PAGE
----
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Mental Monday: Anxiety, times 30.

I recently read somewhere that people in their 30′s tend to have the most anxiety over any other age-group. I can’t recall where I read that or verify the research but, on a personal note,  it makes sense to me.

As you settle into your 30′s, there’s a good chance that you’re no longer a professional student or floating from one dead-end job to another.   You probably have a career or a career on hold while you’re raising children.   Although more and more people are holding off on marriage and children well into their 30′s (or abandoning that lifestyle all together), there is a whole host of other responsibilities that people in their 30′s usually have accrued. Maybe you have a demanding career, a mortgage or high rent, and car payments. And school loans from college or for that MA degree from when you were 25 that you may or may not have actually needed. The 30′s are a time when we become more knowledgeable about who we are and what we need in life to make us happy. However, reaching that place of happiness and staying there can easily make the most calm and collected of us into anxious nervous-wrecks.

Societal and familial values, in addition to biological urges,  have created a simple plan for us to follow – school, career, marriage, house, dog, children. Because of that, many people in their 20′s look at their 30′s as a time to get serious, settle down, and work even harder to get ahead. But then we arrive in our 30′s and get nervous when things don’t go as planned. (continues…)

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Book Review & Giveaway: It’s Not PMS, It’s You!

It's Not PMS, It's You!Written by humorist Deb Amlen,  It’s Not PMS, It’s You! is a hilarious tongue-in-cheek tome about the well-known differences between men and women. We may be from the same planet and are of the same species, but that might just be where the similarities between men and women end. Blame it on hormones or chromosomes, but men and women simply think differently, behave differently, and emote differently. From it’s historical context to our modern-day Battle of the Sexes, Amlen takes cliched notions about sex and gender differences (most of them true, of course) and highlights them in a quick read filled with humorous narratives and clever anecdotes. From co-ed gatherings to bachelorette parties, It’s Not PMS, It’s You! is the perfect book to read with friends for some insightful humor and laughs.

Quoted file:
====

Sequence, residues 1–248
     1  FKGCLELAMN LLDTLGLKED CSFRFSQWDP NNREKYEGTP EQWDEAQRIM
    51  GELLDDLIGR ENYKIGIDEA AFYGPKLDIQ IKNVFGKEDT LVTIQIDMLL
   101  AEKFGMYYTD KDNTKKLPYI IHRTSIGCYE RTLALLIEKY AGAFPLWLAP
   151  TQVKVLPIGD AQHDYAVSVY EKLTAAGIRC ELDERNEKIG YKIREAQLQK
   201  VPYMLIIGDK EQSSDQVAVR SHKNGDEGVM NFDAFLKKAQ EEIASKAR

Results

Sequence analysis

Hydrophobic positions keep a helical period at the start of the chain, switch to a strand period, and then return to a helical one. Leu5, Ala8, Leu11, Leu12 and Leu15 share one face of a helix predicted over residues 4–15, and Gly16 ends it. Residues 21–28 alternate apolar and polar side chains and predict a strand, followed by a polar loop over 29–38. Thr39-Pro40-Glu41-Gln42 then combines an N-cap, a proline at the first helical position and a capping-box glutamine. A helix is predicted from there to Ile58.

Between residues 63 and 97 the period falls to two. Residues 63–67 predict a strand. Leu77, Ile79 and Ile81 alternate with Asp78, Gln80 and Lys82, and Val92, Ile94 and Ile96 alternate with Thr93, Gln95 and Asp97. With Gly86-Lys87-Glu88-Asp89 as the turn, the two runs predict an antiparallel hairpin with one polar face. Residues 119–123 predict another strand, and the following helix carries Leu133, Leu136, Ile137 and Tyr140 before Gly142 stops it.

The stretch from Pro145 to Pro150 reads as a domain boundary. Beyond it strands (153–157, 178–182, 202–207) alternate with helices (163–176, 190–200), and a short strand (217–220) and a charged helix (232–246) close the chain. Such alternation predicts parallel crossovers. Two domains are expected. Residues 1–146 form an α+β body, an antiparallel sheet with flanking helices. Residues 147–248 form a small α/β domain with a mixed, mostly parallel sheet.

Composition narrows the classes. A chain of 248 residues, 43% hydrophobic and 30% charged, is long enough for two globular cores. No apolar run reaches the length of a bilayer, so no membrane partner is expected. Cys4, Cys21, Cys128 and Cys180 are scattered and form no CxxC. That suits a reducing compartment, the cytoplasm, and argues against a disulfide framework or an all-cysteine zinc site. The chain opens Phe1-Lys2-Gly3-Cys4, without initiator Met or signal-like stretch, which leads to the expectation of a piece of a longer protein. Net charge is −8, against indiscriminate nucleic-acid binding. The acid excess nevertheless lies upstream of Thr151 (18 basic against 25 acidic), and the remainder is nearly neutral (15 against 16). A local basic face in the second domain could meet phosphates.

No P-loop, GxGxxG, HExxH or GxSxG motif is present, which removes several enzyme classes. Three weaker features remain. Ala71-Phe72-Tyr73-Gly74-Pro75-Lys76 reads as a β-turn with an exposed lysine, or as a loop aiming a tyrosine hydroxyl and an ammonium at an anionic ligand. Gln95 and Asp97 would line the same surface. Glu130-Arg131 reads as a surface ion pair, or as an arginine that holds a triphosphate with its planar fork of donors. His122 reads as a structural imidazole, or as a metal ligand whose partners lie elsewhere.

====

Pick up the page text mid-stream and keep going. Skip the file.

I have been offered TWO copies of this book for a give-away! To enter the It’s Not PMS, It’s You! give-away, please leave a comment below. You can also post an additional comment for each of the following: subscribe to AYMB, follow AYMB on Twitter, tweet about this give-away, and/or post about this give-away on your blog or Facebook page. This give-away is for U.S. and Canada residents only.

I will use to select two winners for this giveaway on Tuesday, August 10, 2010.

Good luck!


Disclaimer: I was given one copy of It’s Not PMS, It’s You! and two additional copies for the purpose of a give-away, courtesy of Sterling Publishing Company.

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The Mother/Sister Role

My father, my half-brother and my half-sister flew in from the the East Coast for a visit last week. My half-brother is 14 and my half-sister is 10.

I was 20 years old and away at college when my brother was born. I was in graduate school when my sister was born. Since we’re decades of age apart, didn’t grow up together, and live across the country from each other, I obviously don’t have a normal sisterly relationship with them. I love them as I do the sister and brother I grew up with, but it’s a very different relationship.  Over time, I have developed a dynamic with them that seems half-mother/half-sister. When you’re old enough to be the mother of your siblings (and often get mistaken for the mom…ugh), it’s easy to find yourself playing the mom role just as easily as it is to be the sister.